How often do you think you might die?
I signed up to take a freediving workshop on a remote island in the Gulf of Thailand.
Free diving is one of the deadliest extreme sports.
I thought I might die a few times.
But I lived.
And I learned a few things, like how to better hold my breath, and how to dive deep without a SCUBA tank.
What is freediving?
Freediving or free diving is the act of swimming in deep water without the use of external breathing devices like a SCUBA tank.
It relies on the diver holding their breath.
Why do freediving?
- I love to learn from experts, especially as a purpose for travel.
- Taking a freediving workshop sounded fun.
- I believed learning the skills of free diving would help me to become a better snorkeler (it did).
- SCUBA has a large following. But free divers seem to be a bit of a renegade group. This is one of the reasons I’m attracted to the sport.
- The lack of necessary equipment is also appealing. Not having to carry a SCUBA tank, diving computers, regulators, etc appeals to my minimalist travel habits.
Was it dangerous?
The most unnatural thing that a human can do is hold their breath.
In 2015, one of the best freedivers was probably swept away by a mysterious underwater current.
I say “probably” because nobody knows what happened. Despite a huge search and rescue effort, her body was never found… more info
The most dangerous thing I do in New York City is ride a bike share down Fifth Avenue without a helmet.
As a museum and business nerd, I rarely face death.
Freediving is more dangerous than bike riding.
But I don’t want to die. I’m happy with my life. I feel that I haven’t scratched the surface of what’s to live.
So it was nice to see how much of a focus the workshop had on safety.
For two days, I had four hours of classwork in a private lesson at the Blue Immersion dive school.
The classroom location was great:
I took a lot of notes, like this:
First Lesson: Do Not Die
People usually drown and die in freediving from shallow-water blackouts.
They pass out near the surface.
We spent a lot of time learning about why shallow-water blackouts happen, and how to prevent them.
Did I pass out?
Despite being uncomfortable with CO2 buildup from holding my breath for an extreme amount of time, and also wondering if I’d make it back to the surface a few times, I never passed out.
Having a shallow-water blackout during a course like this is extremely rare.
My instructor has done hundreds or thousands of dives and has never had a blackout.
But we prepared for it, just to be safe.
Taking a freediving workshop was exhilarating and probably no more dangerous than riding a motorcycle on a crowded road at night.
I loved the challenge of free diving.
The first time that I saw the depth marker for 10 meters (32.8 feet), I thought to myself, “There’s no way that I can dive that deep.”
An hour later, I did it.
I dove to a depth of 10 meters with only one breath of air.
And I did it smiling and happy, giving my instructor a thumbs-up at the bottom.
My Breath-Hold Record
The first times we measured my breath holds, I got an average of one minute.
After learning some freediving techniques, my average increased to two minutes.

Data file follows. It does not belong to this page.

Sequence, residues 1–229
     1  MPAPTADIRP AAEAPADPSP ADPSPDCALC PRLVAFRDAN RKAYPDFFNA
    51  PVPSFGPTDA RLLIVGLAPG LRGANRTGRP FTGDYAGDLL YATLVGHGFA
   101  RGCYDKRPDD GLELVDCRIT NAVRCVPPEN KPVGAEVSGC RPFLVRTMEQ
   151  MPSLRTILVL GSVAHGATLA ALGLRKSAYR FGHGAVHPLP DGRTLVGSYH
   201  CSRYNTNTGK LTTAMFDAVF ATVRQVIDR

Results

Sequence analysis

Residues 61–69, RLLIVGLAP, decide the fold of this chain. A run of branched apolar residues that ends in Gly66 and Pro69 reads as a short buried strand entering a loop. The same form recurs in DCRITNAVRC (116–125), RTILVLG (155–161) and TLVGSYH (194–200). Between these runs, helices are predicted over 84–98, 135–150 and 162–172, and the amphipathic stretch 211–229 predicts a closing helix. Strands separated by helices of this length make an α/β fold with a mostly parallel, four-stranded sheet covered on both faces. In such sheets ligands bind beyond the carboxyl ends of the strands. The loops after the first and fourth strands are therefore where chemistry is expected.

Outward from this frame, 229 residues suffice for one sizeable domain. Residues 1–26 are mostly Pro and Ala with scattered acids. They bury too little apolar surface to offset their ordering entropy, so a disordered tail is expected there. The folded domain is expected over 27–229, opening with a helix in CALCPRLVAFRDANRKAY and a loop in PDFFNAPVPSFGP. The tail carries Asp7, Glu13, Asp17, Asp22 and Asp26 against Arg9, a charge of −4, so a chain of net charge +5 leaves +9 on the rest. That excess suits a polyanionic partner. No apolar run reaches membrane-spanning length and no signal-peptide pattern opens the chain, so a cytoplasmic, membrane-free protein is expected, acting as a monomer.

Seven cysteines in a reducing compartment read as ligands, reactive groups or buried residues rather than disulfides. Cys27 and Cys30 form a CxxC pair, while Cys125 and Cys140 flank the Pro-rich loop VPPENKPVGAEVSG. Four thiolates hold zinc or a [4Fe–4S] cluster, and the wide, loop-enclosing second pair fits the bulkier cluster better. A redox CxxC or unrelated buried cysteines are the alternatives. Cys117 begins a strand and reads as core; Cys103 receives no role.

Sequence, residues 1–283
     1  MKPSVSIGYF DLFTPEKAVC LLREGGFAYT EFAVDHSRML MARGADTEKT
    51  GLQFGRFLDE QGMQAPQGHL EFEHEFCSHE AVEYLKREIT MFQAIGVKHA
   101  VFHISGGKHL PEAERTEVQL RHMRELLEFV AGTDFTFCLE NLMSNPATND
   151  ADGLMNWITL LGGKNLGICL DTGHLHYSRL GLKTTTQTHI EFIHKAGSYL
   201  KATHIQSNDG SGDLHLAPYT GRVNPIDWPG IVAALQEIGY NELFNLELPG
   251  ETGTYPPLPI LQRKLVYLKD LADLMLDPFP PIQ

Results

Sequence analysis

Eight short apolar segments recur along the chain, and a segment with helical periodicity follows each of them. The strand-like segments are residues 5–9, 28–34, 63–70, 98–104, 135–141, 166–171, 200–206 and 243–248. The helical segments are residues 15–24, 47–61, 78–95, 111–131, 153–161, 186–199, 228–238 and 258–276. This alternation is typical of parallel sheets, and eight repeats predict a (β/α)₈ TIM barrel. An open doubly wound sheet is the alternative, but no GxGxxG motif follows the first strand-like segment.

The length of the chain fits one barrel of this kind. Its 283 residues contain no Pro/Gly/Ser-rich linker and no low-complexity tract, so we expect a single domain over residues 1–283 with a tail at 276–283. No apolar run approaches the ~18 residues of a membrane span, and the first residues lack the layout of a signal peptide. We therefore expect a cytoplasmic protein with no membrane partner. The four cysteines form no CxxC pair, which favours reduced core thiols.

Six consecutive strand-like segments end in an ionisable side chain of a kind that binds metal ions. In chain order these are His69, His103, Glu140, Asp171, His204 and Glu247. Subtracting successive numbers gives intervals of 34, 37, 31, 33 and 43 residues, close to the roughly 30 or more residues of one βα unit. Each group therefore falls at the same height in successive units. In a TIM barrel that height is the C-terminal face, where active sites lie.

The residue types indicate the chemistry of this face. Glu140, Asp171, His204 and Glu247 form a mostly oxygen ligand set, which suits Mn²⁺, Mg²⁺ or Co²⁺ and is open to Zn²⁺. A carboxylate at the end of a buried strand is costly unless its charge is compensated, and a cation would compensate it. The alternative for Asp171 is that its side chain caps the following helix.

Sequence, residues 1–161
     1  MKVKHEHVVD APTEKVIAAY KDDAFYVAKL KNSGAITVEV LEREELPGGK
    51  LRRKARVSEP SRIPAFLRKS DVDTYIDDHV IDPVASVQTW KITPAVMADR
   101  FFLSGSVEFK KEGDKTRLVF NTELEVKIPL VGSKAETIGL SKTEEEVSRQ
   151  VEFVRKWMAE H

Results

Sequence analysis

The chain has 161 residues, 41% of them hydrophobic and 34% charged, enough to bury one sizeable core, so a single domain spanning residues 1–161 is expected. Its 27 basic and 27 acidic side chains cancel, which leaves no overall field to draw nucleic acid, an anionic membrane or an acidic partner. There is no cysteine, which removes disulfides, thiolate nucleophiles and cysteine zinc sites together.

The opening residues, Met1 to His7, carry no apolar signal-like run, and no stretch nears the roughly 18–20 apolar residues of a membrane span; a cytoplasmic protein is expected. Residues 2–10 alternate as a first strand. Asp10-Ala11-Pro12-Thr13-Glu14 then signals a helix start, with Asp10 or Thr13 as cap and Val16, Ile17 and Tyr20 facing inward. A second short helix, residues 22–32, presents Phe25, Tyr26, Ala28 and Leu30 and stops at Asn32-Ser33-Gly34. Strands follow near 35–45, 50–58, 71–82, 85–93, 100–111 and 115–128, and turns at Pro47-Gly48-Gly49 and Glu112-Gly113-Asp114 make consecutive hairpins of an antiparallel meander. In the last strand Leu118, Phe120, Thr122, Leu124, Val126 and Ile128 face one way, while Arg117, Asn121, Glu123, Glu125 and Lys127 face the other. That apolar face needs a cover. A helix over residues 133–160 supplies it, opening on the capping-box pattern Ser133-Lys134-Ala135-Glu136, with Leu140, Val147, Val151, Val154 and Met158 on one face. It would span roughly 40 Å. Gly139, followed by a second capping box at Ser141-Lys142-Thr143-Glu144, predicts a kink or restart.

Learning to hold your breath for long periods of time can be dangerous.
If you die after reading that post and trying it, it is his fault!
My Freediving Record
I dove to a depth of 10 meters with only one breath.
To pass my Level 1 certification, I also dove to 10 meters and “rescued” a diver.
This involved pushing them to the surface and performing something like open-ocean CPR.
- The first few dives are all about pressure and clearing the sinuses using equalization techniques.
- After a few dives, my body got tired. My legs started to get small cramps. I learned that this was likely from a lack of electrolytes or being in fins for so long. The next day, I bought some electrolyte powder from the dive shop and added it to my water bottle. It seemed to help.
- Each student takes time for the “breathe up”, the dive, the recovery, and feedback. This can be 2-4 minutes in total. With three students, it is easy to spend an hour and only get five dive attempts.
The first day was a lot of fun.
On the second day, I was frustrated. My progress did not improve as quickly.
There were a few major skills that we needed to accomplish in order to get certified:
- Dive to 10m without the use of the rope
- Dive to 10m, remove mask, safely surface unaided
- Dive to 10m, “rescue” the instructor, perform safety measures at surface
Eventually, I accomplished them all. It was not easy.
I held my breath for longer than I imagined possible, and I dove with no supplemental oxygen to depths I’m very proud of.
It didn’t feel extremely dangerous, and I do not believe my life was in danger.
I graduated with a Freediving Level 1 certification from SSI, a SCUBA certification body.
I plan to do it again some day and try to dive to 20 meters. I would only do it under professional supervision.
The day after my classes, I had an excellent time snorkeling in Aow Leuk Bay on Koh Tao.
I had so much more confidence and could do shallow dives for much longer. It felt great! The best day I’ve ever had snorkeling.
Thank you to my instructor and to Blue Immersion for having a good, safe program. Thank you to my friends Zachary Cohn and Jesse Turcotte who told me about their experiences freediving and encouraged me to take the class.
How long can you hold your breath? Have you ever tried something like this? Are you SCUBA certified? Let me know in the comments.